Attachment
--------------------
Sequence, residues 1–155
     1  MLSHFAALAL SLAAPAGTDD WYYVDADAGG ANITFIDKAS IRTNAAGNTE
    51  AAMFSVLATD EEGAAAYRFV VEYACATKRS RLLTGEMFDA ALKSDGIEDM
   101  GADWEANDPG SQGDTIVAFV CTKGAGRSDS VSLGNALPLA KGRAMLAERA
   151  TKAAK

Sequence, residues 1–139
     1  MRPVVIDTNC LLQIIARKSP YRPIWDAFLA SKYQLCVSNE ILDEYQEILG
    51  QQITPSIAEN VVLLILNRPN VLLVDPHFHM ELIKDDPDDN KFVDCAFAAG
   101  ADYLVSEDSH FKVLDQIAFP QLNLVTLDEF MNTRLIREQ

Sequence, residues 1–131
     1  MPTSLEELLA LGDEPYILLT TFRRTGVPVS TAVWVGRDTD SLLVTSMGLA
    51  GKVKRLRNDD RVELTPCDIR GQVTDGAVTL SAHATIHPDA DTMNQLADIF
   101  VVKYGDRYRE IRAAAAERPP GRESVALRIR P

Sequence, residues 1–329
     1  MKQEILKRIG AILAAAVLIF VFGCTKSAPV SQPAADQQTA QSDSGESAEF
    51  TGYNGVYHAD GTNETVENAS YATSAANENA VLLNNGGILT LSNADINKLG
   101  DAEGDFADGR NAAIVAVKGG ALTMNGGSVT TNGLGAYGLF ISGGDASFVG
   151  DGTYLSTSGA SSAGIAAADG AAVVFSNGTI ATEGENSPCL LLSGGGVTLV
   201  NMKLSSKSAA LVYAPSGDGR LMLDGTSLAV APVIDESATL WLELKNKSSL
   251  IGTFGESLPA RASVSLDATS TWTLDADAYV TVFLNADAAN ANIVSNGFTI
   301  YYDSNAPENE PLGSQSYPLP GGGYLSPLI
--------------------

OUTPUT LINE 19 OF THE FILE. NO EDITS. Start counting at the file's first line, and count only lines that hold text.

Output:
   201  NMKLSSKSAA LVYAPSGDGR LMLDGTSLAV APVIDESATL WLELKNKSSL